Yamaha XSR700 | Bike Tests | Latest Tests
It really is no secret that I felt like Youngy was punishing me (what for I don’t know), when he allocated rides for last issues LAMs Adventure test, but it does seem that I am back in favour with our most revered Deputy & Road Test Editor because when we suited up for this Urban LAMs test I was pleasantly surprised to find my name tag swinging off the all new Yamaha XSR700 and had we been given free choice this would have been my pick of the bunch so our relationship will now be a little less frosty moving forward.
This thing looks the goods for mine, a tasteful blend of Retro styling with all the mod-cons of todays technology along with a nice seat height (815mm) and weighing in at a not too heavy 186kg the XSR700 is very user friendly with nice wide bars and an upright riding position and not the worst seat I have ever sat on. I was looking forward to giving this little beauty a run because I am a big fan of the Yamaha MT-07 which we had as a long-termer at Gassit HQ and the XSR700 shares the same donk so I knew that it would be fun before I even turned the key. The 655cc inline twin engine is unique to Australia with a tune specially maximised for our LAMs market. The 270-degree crank gives a feeling of strong acceleration when you open the throttle from zero and it keeps giving right to the top of its range, it is hard to believe that this is a “restricted” motorcycle. The digital dash with kph, revs, gear indicator, clock and fuel gauge is stylishly minimal but also easy to read. The clutch is firm but easy and works well in conjunction with it’s silky smooth gearbox, and the standard exhaust has quite a pleasant throaty burble about it, everything on this bike looks and feels like quality which put up against other bikes in the ballpark of its $10,999 price tag, I think is fairly reasonable value for money. I felt that the XSR was a firmer ride than the MT07 it especially feels a little stiffer in the rear and a little more planted but still light and agile. Once you are up and running at a rate of knots it is also comforting to know that you are able to safely wash that speed off when required and the twin 282mm wave discs up front and rear 245mm stoppers do a good job of it, although our model was brand spanking and could have benefited from a bit of a tweak of the rear brake but I suggest that will probably be just a bedding in issue. ABS is standard and is a bonus too if a situation arises that may call for it’s assistance.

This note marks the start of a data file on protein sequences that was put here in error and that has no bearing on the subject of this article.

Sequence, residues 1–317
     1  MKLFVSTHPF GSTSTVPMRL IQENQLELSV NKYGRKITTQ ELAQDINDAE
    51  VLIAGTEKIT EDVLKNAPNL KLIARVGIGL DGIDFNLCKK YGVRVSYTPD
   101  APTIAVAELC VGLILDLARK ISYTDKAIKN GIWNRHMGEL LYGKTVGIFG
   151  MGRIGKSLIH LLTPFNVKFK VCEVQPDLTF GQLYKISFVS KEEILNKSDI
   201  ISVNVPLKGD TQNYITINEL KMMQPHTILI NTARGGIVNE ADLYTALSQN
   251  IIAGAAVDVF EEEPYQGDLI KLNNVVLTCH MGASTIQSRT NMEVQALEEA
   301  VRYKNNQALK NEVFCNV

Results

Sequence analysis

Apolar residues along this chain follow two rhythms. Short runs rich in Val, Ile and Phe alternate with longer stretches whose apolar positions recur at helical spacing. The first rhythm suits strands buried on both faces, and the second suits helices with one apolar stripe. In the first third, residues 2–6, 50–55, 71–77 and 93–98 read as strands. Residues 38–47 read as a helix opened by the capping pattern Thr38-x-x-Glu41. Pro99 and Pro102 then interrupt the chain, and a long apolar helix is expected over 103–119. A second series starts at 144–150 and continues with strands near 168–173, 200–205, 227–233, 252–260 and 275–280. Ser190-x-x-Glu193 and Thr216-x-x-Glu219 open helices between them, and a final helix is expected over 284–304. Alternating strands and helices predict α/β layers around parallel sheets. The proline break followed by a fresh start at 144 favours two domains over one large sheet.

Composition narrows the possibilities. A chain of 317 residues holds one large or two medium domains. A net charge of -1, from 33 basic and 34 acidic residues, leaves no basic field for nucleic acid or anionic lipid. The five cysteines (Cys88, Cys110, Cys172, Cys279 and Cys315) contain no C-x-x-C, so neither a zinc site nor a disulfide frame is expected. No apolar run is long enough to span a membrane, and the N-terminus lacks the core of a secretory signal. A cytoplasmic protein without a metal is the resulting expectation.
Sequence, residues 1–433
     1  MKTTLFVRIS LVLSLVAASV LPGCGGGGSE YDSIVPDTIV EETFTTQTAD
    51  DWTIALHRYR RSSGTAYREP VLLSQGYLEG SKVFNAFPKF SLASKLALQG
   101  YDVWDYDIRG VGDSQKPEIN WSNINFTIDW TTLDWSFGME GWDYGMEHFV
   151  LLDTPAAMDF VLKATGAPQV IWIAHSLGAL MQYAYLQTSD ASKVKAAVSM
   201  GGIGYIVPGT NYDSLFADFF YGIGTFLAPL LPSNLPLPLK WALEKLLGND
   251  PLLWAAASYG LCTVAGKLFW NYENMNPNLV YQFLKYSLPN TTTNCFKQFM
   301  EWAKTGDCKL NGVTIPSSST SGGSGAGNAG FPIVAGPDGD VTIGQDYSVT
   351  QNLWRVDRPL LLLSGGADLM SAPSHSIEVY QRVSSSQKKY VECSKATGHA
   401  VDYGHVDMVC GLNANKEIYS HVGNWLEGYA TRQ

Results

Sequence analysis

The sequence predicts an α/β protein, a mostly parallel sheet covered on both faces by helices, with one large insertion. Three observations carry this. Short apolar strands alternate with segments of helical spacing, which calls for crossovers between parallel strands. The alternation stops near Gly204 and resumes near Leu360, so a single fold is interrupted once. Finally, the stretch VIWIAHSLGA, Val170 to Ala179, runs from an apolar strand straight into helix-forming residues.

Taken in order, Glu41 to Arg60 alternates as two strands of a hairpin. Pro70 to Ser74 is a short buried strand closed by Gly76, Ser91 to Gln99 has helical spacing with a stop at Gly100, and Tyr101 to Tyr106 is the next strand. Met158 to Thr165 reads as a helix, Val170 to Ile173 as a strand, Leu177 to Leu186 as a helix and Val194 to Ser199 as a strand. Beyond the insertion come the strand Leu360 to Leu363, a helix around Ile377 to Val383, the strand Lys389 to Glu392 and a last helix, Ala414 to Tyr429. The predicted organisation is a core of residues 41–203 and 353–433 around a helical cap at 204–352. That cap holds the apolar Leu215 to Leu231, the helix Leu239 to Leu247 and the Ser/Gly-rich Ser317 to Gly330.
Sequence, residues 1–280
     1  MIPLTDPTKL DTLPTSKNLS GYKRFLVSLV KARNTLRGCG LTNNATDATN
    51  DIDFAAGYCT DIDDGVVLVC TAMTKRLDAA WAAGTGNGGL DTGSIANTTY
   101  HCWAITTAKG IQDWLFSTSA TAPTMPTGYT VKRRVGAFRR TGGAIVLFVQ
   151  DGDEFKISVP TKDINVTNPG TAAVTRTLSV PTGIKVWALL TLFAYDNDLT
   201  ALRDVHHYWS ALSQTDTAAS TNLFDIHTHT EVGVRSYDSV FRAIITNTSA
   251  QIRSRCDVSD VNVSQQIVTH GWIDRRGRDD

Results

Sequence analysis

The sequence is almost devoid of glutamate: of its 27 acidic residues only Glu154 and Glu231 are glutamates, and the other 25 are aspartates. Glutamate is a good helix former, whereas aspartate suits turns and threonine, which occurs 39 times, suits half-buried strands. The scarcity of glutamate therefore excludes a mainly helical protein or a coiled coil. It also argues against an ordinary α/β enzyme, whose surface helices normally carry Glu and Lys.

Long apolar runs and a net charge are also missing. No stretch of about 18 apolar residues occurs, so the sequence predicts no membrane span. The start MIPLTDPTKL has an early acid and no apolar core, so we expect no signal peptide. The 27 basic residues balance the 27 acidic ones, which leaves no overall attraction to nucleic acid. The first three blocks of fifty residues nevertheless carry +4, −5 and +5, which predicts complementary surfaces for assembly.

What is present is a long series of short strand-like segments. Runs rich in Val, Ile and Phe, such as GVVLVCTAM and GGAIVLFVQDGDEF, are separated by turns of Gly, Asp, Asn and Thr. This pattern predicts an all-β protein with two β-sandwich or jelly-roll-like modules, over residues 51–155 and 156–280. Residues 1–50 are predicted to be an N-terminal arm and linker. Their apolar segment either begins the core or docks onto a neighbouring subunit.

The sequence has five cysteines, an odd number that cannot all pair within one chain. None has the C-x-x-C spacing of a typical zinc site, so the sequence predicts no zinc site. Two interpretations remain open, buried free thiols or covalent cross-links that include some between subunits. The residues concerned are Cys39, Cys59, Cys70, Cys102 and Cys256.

We had a very cool early morning start at the Queen Victoria Market to get in a few neat snaps for a nice opener to this spread so as the sun came up, and the double shot latte’s went down, fortunately for us the previous night’s rain had all but dried up and it was time to get out amongst Melbourne’s inner city madness for a nice blat out to one of Dadswell’s yuppie Dockland cafés for some lunch and a few detail shots. After an amazing pulled pork roll and a shot of caffine I felt like having a little afternoon siesta but alas we had to push on and do a few hot laps of the city to complete our urban test, the XSR is perfectly at home in the urban jungle, it is narrow and short and punchy and just loves being flicked around little streets, lanes carparks and roundabouts and will pull up in the tightest of places and tuck out of the way nicely on the footpath if your local by-laws permit. I have had the opportunity to play with the XSR after hours and on the weekends too and I have run it through all of my regular routes and it has performed really well, it has a healthy full-size feel just like many other unrestricted naked sporty bikes and easily reaches freeway speeds with no lag, it is comfy enough and I think it is not only a superb entry level bike for a new motorcyclist but even experienced riders will walk away with a big grin if provided the opportunity to give it a good squirt. The only real problem that I have had with XSR was keeping Sports Editor McCann from pinching the keys most days.
Although the XSR looks tough and cool as it sits on a showroom floor, recent years have seen an increase in popularity of both new retro styled bikes and the customisation of older genuine retro machines with custom shops and retro events gaining momentum year upon year and Yamaha have been clever and taken the custom scene into consideration when releasing these new models, you will find an abundance of genuine Yamaha parts & accessories for your new XSR that will help you bang an individual stamp on it whether you want a scrambler look or café racer style you can head to Yamaha’s Y-Shop online and surf the Genuine Parts Catalogue and then share the links with friends and family so that they have your next birthday or Xmas present covered. For some the Retro scene may not be your caper but I still think the XSR looks modern enough to hold it’s own against any of the other naked sports bikes in it’s category I have really enjoyed my time on it and I reckon the XSR is a good looking unit and represents good value for money, so if you have eleven large burning a hole in your pocket and are looking for performance, handling and quality then the XSR700 should definitely be added to your list of must check out Lams bikes.